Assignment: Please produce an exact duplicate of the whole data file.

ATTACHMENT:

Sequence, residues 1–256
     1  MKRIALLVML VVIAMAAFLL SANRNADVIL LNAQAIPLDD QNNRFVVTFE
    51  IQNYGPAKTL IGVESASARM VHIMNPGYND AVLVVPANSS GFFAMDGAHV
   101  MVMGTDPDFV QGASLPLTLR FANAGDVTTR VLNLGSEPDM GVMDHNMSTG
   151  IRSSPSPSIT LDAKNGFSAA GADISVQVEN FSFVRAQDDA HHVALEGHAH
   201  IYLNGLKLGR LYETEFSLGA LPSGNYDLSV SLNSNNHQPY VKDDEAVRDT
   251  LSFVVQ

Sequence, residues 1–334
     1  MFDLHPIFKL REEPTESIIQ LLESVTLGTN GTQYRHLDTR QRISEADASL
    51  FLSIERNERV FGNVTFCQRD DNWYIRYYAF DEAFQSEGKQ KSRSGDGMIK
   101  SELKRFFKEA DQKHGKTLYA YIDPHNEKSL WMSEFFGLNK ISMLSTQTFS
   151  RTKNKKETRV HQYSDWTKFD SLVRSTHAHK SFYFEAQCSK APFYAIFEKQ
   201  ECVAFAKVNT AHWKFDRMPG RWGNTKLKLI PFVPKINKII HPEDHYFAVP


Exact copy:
Sequence, residues 1–256
     1  MKRIALLVML VVIAMAAFLL SANRNADVIL LNAQAIPLDD QNNRFVVTFE
    51  IQNYGPAKTL IGVESASARM VHIMNPGYND AVLVVPANSS GFFAMDGAHV
   101  MVMGTDPDFV QGASLPLTLR FANAGDVTTR VLNLGSEPDM GVMDHNMSTG
   151  IRSSPSPSIT LDAKNGFSAA GADISVQVEN FSFVRAQDDA HHVALEGHAH
   201  IYLNGLKLGR LYETEFSLGA LPSGNYDLSV SLNSNNHQPY VKDDEAVRDT
   251  LSFVVQ

Sequence, residues 1–334
     1  MFDLHPIFKL REEPTESIIQ LLESVTLGTN GTQYRHLDTR QRISEADASL
    51  FLSIERNERV FGNVTFCQRD DNWYIRYYAF DEAFQSEGKQ KSRSGDGMIK
   101  SELKRFFKEA DQKHGKTLYA YIDPHNEKSL WMSEFFGLNK ISMLSTQTFS
   151  RTKNKKETRV HQYSDWTKFD SLVRSTHAHK SFYFEAQCSK APFYAIFEKQ
   201  ECVAFAKVNT AHWKFDRMPG RWGNTKLKLI PFVPKINKII HPEDHYFAVP